Under the Peepal Tree

Tia Singh

peepal tree

‘Allah hu Akbar, Allah hu Akbar’

The deep voice of the call for prayer boomed throughout the city. I saw Muslim men with their prayer caps, walking towards the mosque. Out of the ten that passed me, eight turned to stare. Their eyes questioned as they slowed their walk, judging me and drawing conclusions as to why I was there. My heart wanted to shout, to scream, to yell ‘I am one of you men wearing their prayer caps, walking towards the mosque. Out of the ten or so that passed me, around! I grew up here, on this land with this soil! That mosque was erected before I took my first breath and my own book of Sikh verses, is written in your language.” But my head knew better. The tightly tied maroon turban on my head with my black backpack spoke volumes. I silently lowered my gaze, as I walked towards the place I once so lovingly called home. My leg began to ache as my limp prevented me from walking too fast; this injury – a physical reminder and scar of the heartache suffered during the 1947 India-Pakistan Partition.

Lahore looked so different, my memories deceived me. Looking around, the city did not seem like the cosmopolitan, progressive Lahore I once called mine. There was heartache and poverty lining the streets and pathways and only one religion was evident amongst the population; a stark contrast to how I grew up. My family moved to New Delhi, ‘India’, in the September month of 1947- fear of violence and brutality in our own home was too much to avoid. We had to leave, we had to move to a ‘secular’ state before religion became our enemy. I still remember the day I told my childhood friends…

“But you will come to visit us, right Gurdev?” my friend, Ali, asked. I looked at him silently, unable to answer him. I was 12 years old when the partition took place, too young to understand the complexities and political reasons behind the division. Two of my other friends, Rajesh and John, also had to leave.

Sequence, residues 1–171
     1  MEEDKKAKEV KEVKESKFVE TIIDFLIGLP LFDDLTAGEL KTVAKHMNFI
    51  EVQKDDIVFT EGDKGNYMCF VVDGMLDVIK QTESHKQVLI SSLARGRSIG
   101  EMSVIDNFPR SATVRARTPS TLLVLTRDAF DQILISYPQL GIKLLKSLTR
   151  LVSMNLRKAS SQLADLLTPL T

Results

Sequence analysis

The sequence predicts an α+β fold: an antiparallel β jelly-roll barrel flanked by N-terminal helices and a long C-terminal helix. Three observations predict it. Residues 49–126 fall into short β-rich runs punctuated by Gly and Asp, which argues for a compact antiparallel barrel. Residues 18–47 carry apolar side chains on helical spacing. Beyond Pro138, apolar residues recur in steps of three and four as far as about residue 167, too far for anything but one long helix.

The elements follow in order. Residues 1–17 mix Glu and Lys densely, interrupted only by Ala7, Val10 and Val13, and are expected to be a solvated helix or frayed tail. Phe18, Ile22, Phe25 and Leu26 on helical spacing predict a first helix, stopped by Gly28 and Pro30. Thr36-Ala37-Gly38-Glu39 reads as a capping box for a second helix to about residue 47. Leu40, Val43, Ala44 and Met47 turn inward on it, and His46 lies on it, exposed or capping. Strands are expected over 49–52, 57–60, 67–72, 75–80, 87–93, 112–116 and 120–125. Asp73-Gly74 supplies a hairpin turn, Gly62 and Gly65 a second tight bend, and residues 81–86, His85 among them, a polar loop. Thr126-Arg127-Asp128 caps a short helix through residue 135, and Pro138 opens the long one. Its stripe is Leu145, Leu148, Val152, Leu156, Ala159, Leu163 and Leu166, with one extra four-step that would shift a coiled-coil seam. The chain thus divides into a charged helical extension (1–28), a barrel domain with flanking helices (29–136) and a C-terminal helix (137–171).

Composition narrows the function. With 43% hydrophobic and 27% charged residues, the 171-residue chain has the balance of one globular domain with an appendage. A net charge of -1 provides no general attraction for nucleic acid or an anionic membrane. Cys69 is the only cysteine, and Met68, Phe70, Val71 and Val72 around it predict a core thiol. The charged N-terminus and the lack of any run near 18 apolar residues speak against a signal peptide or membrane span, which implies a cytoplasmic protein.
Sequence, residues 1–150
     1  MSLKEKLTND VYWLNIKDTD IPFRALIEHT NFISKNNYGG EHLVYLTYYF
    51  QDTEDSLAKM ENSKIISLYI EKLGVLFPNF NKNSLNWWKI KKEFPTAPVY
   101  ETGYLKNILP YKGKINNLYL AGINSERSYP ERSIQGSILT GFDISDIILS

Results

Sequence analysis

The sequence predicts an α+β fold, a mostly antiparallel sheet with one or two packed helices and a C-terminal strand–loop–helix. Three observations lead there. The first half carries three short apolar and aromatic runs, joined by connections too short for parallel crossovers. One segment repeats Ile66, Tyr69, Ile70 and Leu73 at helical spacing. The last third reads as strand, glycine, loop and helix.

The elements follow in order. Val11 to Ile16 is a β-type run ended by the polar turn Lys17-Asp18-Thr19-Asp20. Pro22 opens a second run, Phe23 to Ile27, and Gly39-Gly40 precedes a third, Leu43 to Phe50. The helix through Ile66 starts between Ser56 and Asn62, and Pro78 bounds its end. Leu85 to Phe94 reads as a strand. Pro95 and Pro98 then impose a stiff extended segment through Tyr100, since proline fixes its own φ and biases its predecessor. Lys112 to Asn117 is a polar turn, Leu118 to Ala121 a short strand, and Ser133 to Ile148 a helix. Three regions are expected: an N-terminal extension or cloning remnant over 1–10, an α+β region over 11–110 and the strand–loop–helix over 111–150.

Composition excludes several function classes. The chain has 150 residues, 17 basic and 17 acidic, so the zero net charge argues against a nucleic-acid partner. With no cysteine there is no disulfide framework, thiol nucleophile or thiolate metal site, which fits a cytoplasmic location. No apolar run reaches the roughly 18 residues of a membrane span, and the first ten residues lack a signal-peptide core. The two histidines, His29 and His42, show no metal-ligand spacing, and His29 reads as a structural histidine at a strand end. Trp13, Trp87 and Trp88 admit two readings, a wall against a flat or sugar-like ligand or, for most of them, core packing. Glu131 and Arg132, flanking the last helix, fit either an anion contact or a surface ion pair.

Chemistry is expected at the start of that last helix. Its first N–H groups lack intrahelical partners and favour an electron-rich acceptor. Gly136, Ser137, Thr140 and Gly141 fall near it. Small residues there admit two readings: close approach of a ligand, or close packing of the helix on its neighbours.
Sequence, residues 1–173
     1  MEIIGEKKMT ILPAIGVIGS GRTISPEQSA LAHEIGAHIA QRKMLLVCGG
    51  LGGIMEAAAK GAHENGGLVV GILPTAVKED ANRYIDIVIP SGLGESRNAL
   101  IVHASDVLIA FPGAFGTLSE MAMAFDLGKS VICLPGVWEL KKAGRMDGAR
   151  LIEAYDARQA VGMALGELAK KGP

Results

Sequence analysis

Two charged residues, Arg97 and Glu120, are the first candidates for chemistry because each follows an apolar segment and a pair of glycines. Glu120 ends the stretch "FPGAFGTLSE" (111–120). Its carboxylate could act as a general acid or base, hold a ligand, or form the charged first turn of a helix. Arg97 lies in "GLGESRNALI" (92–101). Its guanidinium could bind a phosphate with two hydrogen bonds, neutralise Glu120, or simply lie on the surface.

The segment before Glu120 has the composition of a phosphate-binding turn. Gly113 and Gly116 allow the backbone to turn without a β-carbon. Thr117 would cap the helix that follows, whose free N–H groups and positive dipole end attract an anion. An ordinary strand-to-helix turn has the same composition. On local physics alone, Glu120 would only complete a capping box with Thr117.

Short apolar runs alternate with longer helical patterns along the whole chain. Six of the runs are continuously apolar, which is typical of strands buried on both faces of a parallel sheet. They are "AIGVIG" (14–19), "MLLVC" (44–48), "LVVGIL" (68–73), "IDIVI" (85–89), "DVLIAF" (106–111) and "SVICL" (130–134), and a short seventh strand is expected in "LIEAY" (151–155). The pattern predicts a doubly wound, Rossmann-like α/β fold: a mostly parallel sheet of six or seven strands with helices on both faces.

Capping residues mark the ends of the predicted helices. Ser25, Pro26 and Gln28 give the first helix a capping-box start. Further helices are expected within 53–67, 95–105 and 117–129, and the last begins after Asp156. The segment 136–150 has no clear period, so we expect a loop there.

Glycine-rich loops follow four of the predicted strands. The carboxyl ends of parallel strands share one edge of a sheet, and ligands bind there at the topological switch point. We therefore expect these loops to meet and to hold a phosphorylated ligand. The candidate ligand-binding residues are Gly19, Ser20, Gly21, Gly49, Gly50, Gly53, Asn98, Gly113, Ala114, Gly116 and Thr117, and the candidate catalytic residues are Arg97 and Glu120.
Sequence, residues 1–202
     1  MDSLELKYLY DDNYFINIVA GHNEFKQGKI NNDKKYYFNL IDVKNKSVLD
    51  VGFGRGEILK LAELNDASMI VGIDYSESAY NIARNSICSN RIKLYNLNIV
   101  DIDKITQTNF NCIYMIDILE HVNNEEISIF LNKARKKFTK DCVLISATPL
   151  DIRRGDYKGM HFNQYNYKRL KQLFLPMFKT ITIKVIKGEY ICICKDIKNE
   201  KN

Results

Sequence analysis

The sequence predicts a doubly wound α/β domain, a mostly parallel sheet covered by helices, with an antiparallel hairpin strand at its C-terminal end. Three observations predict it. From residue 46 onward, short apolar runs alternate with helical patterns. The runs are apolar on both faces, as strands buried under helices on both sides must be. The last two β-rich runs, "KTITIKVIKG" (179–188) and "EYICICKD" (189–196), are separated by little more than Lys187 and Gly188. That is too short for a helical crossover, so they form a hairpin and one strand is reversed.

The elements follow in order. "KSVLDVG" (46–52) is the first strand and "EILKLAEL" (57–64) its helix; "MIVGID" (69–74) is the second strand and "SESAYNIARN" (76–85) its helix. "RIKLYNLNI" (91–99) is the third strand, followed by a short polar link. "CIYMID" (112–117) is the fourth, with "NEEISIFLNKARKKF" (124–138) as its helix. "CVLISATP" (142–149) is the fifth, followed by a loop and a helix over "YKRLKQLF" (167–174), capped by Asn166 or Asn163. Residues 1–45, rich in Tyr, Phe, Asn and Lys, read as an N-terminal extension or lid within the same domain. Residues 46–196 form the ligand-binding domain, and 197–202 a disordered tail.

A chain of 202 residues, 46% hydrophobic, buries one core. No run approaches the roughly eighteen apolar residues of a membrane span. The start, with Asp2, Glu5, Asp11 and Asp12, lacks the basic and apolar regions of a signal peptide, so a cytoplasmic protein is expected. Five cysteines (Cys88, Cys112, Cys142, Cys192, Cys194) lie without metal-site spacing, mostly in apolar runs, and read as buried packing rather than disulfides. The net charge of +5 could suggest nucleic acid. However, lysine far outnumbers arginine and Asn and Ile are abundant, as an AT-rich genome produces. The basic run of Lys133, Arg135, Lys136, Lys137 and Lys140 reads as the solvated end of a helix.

Rajesh jumped off the lower branch of our favourite peepal tree. The fig tree was where we had spent innumerable afternoons that faded to evenings and many Sundays- playing cricket, laughing, climbing or just talking about everything under the sun.

“Of-course he will! We all will be together someday soon, Ali,” Rajesh assured, putting his arm around Ali.

Ali nodded, “Inshallah, we will be together very soon.”

“Ram will surely keep our friendship alive!” Rajesh added.

“Jesus brought us together, he will keep us that way!” chimed John.

“Baba-ji won’t allow us to be apart for long,” I reassured.

And this way, we four friends took the names of our respective supreme beings, silently praying to whoever was listening, that despite the bloodshed and newfound enmity, our friendship’s fire would keep burning bright.

I walked on, absorbing every little detail of this familiar, yet unknown, city. I once knew the names of every street that entwined this area; I knew all the shopkeepers and young boys that lived in my neighbourhood. I look at it now, and whilst those same streets still entwine this area, the names have changed, the shopkeepers are no longer those who used to chase us out of their shops, the young boys would be older men now… the memories of childhood friendship long gone from their minds.

So why have I come back here? What is it in the soil of this city that pulled me back? I am across enemy lines, I am in a dangerous position, I am too old to fight for myself… what am I doing here? I guess I came back for the memories, the ones that steal the sleep from my eyes, the stories of which I have told my grandchildren. Lahore; I am a Sikh man from Lahore. That statement is one of the world’s biggest contradictions. I have been told many times that I cannot be Sikh and be from Pakistan. It is impossible. How do I explain to them… that even after moving across the newfound lines in 1947, setting up home in an unknown city, forging new friendships and being told to forget the old, I consider myself at heart, a Lahori.